The snake wriggle

Sit with feet flat on the floor, preferably on something with a bit of spring like a mattress or sofa, cross your arms & hold onto your shoulders. Now try to produce a continuous & rhythmic side to side motion through your upper back – so it does a snake-like movement.  The bounce in the sofa or mattress will help produce some recoil & spring that helps with the movement. As a variation, try taking in and holding a deep breath whilst doing this.

 

Freestyle no-arms “air swimming”  (like air guitar!)

sidebending Sit like before, but this time imagine doing the free style swimming movement with your shoulders. This is similar to the snake wiggle above, but it adds an extra dimension of rotation with each shoulder describing circles in a forwards-backwards direction.            

 

 

 

 

 

 

Painting  overhead circles with straight arms

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Posted in Adults, Back and Hip

Carpal tunnel from waterblasting!

rafisprayingAnd in both hands at the same time! As anyone who’s come to our Torbay clinic knows, we have a lot of rough textured concrete out front – perfect for the mud and dirt to settle in & turn  a drab dark grey colour, and lots of paths round the house too.   So when I saw $100 off a powerful water blaster  recently, I couldn’t resist. I got started and went at it hard for perhaps around two hours solid, just swopping hands now and then as they tired.

Folks, this was me not following my own advice to patients to break up activities with different ones rather that go hard at it for hours on end doing one thing!

Read more ›

Posted in Adults

A slouched upper back can reduce your neck & shoulder movements.

If you’re one of those whose upper back slumps & sags forward and down, try this little experiment.

Sit in your normal slumped position, & turn your head as far as it will go to one side.  Notice how it feels.  Stop right there – don’t move your neck.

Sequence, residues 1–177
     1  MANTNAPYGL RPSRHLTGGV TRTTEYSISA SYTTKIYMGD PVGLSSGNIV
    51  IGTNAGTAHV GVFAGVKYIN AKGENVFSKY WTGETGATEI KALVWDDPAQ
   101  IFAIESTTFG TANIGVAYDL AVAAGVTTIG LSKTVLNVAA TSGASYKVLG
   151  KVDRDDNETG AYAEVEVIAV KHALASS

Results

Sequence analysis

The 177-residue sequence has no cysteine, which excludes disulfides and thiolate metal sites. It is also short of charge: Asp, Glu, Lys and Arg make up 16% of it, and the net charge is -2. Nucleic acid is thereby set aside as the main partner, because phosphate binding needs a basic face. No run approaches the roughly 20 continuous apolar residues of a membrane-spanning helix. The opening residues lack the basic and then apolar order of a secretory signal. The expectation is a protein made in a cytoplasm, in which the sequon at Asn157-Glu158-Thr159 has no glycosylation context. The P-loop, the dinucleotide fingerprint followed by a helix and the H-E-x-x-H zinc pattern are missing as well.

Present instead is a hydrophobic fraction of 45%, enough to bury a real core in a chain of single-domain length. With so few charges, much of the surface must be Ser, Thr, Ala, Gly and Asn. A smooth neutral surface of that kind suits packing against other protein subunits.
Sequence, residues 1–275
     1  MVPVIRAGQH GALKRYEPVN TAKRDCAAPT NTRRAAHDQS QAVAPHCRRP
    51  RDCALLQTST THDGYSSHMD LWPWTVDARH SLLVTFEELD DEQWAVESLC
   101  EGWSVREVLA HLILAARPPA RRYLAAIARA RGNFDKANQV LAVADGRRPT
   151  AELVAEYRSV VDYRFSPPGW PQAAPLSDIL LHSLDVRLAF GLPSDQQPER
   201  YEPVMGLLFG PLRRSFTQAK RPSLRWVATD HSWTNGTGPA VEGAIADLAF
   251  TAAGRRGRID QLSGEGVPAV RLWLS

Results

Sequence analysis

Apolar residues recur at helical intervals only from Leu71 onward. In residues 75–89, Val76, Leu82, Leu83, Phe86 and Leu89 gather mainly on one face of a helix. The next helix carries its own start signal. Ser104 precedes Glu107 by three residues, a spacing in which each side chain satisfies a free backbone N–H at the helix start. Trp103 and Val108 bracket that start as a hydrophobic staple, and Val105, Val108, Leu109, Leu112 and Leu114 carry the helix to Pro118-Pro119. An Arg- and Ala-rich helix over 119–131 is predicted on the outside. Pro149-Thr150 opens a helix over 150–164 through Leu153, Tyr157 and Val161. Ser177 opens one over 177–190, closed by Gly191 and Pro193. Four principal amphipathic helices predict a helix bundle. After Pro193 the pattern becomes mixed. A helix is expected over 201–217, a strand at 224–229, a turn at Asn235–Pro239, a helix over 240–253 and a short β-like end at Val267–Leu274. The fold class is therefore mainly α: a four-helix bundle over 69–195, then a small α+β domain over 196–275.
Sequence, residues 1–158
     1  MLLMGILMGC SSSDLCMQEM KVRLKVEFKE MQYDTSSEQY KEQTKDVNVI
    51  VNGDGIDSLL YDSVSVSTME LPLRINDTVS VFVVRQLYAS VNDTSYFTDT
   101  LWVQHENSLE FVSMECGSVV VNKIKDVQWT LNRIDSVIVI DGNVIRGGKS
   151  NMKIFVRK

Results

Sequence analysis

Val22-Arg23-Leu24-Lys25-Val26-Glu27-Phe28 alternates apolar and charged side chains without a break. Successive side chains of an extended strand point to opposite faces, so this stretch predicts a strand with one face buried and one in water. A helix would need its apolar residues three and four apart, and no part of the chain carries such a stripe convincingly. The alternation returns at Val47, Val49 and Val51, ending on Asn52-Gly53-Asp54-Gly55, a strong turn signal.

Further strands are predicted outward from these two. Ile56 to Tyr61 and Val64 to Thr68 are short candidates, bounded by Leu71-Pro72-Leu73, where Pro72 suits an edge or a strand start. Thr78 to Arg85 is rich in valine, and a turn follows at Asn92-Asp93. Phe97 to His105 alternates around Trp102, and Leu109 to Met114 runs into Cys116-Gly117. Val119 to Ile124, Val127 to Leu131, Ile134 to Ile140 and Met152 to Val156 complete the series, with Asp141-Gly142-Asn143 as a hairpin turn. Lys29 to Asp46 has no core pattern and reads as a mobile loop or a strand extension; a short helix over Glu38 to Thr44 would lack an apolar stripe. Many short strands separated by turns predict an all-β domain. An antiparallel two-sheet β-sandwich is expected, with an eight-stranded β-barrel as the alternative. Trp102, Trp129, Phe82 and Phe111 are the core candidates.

Now lift your chest a little & try to make your neck longer – without tipping your chin up.  Notice how your head will turn a bit more without that same level of discomfort.

I’ve had patients complaining of low neck pain turning their heads to reverse the car, and this one simple adjustment to posture is sometimes almost all that’s needed to eliminate or greatly reduce the pinching feeling.

In the next blog:  some ways to improve your shoulder and thoracic mobility

So what about shoulder mobility?  What’s the connection with a slouched upper back?  Well the problem is related more to upper backs that are both curved forward (‘kyphotic’, to use the technical term) AND stiff.

Shoulder flexion – i.e. moving your arms forwards and straight up all the way above your body is only possible if the upper back also bends back slightly for the last part of the arm raise.

So if your back is too stiff that’s going to be harder to do. You’ll feel a tightness at the front of your shoulders as they struggle to do all the movement without your back’s help, or you’ll ‘cheat’ by arching your lower back more – not the best if you suffer from low back pain too!

But hey, what’s the problem?  After all, unless you’re a basketball or netball player, how many of us actually need to raise our arms straight up high on a daily basis?

Actually, over the long term the effects can be more insidious and give a pinching pain just raising our arms up to lift, put on a jacket or brush teeth and hair.  That’s called impingement syndrome and is another story in itself…

Posted in Adults, Arm, Shoulder and Neck